I've had this same thing on new home inspections. Checked the exterior hose bib and got 60psi. The county inspectors want to see the sprinkler system pressurized to a certain point. The check valve holds it in while on the house side the pressure is lower.

That makes sense, but I can't wrap my head around why. If the pressure at the street is 60 psi or there abouts, wouldn't the fire suppression system flow at 60 psi after a short burst of high pressure? (I'm surely missing something here.)

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Did you put a pressure gauge anywhere on the "house" side?

I suspect the fire suppression piping system is pressurized to 110, but the backflow device does not allow that pressure to transfer into the house piping.

Exactly as Bill said.

I've had this same thing on new home inspections. Checked the exterior hose bib and got 60psi. The county inspectors want to see the sprinkler system pressurized to a certain point. The check valve holds it in while on the house side the pressure is lower.

That makes sense, but I can't wrap my head around why. If the pressure at the street is 60 psi or there abouts, wouldn't the fire suppression system flow at 60 psi after a short burst of high pressure? (I'm surely missing something here.)

I'm not totally sure but the initial charge you see may be residual from system testing when it was installed. In order to measure a specific flow capability higher up in the structure they have to charge it up high.

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Never thought about this. With a sealed system and no expansion tank I suppose the pressure in the sprinkler system could increase due to in hot weather, but the pressure should come back down when the water cools. But, many systems I have seen have a relatively high pressure in the sprinkler system piping and have a PRV in the domestic piping.

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Did you put a pressure gauge anywhere on the "house" side?

I suspect the fire suppression piping system is pressurized to 110, but the backflow device does not allow that pressure to transfer into the house piping.

Exactly as Bill said.

I've had this same thing on new home inspections. Checked the exterior hose bib and got 60psi. The county inspectors want to see the sprinkler system pressurized to a certain point. The check valve holds it in while on the house side the pressure is lower.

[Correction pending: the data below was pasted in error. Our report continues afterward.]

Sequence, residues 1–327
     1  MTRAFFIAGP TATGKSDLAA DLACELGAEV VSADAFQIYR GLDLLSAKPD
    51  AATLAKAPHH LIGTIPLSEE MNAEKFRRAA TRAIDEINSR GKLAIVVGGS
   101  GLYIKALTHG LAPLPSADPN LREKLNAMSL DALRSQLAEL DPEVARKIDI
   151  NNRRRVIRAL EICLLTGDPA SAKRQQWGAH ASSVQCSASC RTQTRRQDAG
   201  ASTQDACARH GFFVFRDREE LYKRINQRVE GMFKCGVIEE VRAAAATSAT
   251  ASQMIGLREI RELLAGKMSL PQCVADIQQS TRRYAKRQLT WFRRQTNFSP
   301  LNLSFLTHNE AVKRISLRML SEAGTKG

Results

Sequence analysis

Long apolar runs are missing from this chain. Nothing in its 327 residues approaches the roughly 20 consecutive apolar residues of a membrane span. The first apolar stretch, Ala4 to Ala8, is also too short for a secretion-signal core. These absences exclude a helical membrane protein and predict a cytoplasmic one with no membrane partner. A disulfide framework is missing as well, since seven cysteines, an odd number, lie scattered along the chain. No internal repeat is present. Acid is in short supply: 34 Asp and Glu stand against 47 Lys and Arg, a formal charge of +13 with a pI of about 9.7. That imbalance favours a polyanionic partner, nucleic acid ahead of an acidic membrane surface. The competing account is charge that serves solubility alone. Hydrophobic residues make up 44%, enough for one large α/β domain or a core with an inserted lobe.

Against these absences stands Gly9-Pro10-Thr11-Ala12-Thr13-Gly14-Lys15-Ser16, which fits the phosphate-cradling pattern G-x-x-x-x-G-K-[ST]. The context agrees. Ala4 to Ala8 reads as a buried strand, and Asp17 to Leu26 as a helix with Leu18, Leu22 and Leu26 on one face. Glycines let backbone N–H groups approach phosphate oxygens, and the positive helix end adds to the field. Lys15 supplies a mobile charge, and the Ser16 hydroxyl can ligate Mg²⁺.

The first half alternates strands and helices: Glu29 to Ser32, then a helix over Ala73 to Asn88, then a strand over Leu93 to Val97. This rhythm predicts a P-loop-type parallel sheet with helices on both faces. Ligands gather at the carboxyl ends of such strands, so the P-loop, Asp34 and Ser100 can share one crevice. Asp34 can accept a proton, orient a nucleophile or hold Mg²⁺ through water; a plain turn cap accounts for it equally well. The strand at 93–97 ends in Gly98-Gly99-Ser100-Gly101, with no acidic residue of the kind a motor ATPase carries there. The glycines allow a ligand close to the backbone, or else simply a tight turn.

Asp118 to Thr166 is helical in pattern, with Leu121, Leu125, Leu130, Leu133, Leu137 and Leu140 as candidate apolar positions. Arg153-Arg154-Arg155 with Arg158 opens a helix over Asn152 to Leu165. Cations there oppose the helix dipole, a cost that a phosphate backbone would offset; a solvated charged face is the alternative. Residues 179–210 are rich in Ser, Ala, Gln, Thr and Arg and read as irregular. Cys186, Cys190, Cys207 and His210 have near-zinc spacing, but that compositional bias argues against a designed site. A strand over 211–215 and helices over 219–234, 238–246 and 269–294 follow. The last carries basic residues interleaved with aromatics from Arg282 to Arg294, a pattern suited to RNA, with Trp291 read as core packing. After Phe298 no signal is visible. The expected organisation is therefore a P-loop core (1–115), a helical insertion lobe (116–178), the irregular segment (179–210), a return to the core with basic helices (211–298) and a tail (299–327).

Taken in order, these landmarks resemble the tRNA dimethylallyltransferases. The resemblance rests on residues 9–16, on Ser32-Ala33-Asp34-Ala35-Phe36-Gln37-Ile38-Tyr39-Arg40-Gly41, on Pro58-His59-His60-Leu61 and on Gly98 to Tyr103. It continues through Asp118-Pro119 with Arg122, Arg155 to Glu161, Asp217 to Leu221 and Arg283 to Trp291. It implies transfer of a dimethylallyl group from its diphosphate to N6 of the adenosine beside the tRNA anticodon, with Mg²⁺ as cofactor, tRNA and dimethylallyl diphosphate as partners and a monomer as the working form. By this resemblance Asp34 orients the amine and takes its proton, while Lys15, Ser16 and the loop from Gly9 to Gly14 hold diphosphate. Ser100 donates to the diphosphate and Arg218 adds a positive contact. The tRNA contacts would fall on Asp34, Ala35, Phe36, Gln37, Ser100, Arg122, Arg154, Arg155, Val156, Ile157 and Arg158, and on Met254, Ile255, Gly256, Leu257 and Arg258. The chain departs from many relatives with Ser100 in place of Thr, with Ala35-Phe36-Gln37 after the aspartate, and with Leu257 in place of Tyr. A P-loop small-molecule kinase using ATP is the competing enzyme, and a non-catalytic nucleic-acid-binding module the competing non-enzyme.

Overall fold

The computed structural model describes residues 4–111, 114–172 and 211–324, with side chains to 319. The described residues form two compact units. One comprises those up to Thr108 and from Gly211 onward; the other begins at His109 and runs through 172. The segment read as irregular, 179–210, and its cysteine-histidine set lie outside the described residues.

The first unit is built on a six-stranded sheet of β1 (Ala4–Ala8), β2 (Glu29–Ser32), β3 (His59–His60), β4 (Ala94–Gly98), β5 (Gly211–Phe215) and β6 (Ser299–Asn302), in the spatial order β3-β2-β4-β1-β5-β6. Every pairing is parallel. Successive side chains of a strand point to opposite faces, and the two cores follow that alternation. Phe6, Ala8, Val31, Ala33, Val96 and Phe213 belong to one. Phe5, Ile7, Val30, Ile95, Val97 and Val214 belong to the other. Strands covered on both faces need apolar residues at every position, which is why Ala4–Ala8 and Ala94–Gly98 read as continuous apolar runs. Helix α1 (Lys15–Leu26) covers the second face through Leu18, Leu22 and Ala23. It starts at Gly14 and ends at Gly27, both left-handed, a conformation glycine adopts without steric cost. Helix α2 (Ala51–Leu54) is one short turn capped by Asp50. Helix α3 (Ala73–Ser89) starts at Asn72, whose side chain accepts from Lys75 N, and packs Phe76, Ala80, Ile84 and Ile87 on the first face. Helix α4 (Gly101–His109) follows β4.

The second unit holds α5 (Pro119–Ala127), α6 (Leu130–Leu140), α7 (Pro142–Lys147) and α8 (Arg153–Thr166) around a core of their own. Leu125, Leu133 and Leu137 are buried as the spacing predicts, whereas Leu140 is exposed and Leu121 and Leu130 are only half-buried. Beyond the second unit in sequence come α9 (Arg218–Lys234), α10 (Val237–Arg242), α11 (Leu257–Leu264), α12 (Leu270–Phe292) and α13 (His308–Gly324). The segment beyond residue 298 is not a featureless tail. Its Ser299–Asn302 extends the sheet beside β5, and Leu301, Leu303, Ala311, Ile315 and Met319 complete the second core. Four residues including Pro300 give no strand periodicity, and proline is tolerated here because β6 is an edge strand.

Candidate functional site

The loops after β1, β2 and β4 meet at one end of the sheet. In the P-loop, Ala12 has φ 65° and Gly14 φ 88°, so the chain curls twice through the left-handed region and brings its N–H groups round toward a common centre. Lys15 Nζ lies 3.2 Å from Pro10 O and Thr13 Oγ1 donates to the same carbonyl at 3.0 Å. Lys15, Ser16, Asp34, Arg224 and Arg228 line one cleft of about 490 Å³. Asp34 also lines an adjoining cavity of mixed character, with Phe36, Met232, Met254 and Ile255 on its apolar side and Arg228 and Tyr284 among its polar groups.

That makes sense, but I can't wrap my head around why. If the pressure at the street is 60 psi or there abouts, wouldn't the fire suppression system flow at 60 psi after a short burst of high pressure? (I'm surely missing something here.)

Any further help with this would be appreciated.

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Some insight on residential fire sprinklers.

When the system is inspected in the combo phase by the AHJ, a pump is connected to the inspectors test valve to back fill and pressurize the system up to two and a half times the system pressure to check for leaks. At final, the system is flowed to check the flow switch and alarm. If the city supply is less then what shows on the sprinkler system gauge, the added pressure is most probably from building or attic heat.

In colder climates the pipes for the sprinkler system could be charged with an anti-freeze mixture. The mixture should be checked for proper concentration annually.

Some sprinkler flow alarms are interconnected with the smoke detectors and will set off all the smoke alarms.

The water provider should require the back flow prevention valve to be certified (tested) each year.

The inspection points that an HI should observe would be;

The valves that control the the sprinkler system are open.

That there are no leaking sprinkler heads.

The branch circuit that powers the flow alarm is on.

I would recommend that a Fire Sprinkler Co. do an annual inspection and that the Back Flow valve be certified.

Lee